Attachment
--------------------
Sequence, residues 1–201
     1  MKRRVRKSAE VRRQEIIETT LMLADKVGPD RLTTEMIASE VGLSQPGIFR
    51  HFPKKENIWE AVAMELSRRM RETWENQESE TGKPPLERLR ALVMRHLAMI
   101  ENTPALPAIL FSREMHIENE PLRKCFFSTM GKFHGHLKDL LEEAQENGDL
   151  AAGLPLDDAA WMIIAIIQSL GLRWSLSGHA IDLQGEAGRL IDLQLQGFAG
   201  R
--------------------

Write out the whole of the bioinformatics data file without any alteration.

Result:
Sequence, residues 1–201
     1  MKRRVRKSAE VRRQEIIETT LMLADKVGPD RLTTEMIASE VGLSQPGIFR
    51  HFPKKENIWE AVAMELSRRM RETWENQESE TGKPPLERLR ALVMRHLAMI
   101  ENTPALPAIL FSREMHIENE PLRKCFFSTM GKFHGHLKDL LEEAQENGDL
   151  AAGLPLDDAA WMIIAIIQSL GLRWSLSGHA IDLQGEAGRL IDLQLQGFAG
   201  R